From Shakespeare’s ‘country matters’ to every second word Malcolm Tucker pronounces, the word ‘cunt’ is deeply embedded in white British culture. While using it as a descriptor of female genitalia is frowned upon, it is entirely acceptable to use this word as an insult for people in a variety of circumstances.
Between friends (usually male), it is a jocular moniker. If you are describing Keane or Razorlight, no other word will do them justice. Aimed at a Tory politician, it is deadly serious, as demonstrated by Jarvis Cocker’s best song of recent times, (Cunts Are Still) Running the World.
The harsh sounds of ‘c’ and ‘t’ make it a deeply satisfying word to use, which partly explains why white Brits call someone a cunt on pretty much a daily basis. A large part of the comedy lies in the contrast created by the crudity of the word and the relatively posh accents of white Brits, much in the same way as attempting to rap makes them look both adorable and tragic. White Brits take great pride in the knowledge that the word is considered shocking by more moralising outsiders, and the more inappropriate the situation, the funnier the effect is deemed to be. It is worth noting that many white British girls suggest that its status as ‘the worst possible swearword’ belies deep misogynistic tendencies, and they therefore make a point of using it nonchalantly.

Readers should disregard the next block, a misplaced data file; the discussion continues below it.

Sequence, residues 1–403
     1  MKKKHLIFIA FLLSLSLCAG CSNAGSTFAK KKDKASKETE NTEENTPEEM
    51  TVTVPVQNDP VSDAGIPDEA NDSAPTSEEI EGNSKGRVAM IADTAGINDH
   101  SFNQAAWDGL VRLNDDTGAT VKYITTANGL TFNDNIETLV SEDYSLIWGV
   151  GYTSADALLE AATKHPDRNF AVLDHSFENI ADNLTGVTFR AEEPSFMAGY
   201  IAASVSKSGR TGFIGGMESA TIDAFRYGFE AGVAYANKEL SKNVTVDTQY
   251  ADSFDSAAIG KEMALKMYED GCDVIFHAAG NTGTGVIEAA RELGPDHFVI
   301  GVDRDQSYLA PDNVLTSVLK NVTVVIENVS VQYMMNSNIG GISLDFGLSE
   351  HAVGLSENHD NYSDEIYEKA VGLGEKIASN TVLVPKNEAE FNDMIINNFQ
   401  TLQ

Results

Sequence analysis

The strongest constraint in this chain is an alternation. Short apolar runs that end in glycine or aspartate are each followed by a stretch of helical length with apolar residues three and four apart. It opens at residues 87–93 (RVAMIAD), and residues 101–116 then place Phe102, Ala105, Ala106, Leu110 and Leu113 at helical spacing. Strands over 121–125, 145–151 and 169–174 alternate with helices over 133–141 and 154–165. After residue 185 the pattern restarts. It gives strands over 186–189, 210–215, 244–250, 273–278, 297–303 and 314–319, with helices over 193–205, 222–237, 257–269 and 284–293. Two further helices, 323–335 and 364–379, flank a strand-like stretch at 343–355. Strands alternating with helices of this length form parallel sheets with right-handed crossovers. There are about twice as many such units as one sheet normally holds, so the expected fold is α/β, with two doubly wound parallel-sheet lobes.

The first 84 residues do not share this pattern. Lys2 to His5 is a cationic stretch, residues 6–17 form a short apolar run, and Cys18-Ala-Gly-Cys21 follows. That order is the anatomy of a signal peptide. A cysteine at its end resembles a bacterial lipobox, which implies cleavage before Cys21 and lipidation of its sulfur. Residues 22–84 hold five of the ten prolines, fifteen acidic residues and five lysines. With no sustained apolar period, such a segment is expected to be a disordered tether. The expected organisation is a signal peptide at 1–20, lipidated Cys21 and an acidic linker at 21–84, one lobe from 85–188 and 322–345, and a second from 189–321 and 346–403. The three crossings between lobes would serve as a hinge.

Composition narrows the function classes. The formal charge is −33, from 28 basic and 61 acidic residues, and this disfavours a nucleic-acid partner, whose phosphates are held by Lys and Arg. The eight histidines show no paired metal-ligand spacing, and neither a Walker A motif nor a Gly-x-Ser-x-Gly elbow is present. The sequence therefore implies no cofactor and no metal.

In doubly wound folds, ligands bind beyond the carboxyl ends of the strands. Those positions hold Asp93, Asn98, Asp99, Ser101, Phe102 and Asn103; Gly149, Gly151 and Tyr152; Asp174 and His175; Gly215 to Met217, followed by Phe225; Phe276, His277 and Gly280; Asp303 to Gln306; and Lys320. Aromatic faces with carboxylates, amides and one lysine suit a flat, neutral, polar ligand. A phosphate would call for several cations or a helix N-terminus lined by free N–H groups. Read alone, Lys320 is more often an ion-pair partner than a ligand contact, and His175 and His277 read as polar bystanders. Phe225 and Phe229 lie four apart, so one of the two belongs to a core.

Perhaps the apotheosis of this word is its use in Withnail and I, when Withnail exclaims ‘Monty, you terrible cunt.’ This particular phrase is particularly in vogue as a term of endearment among close friends.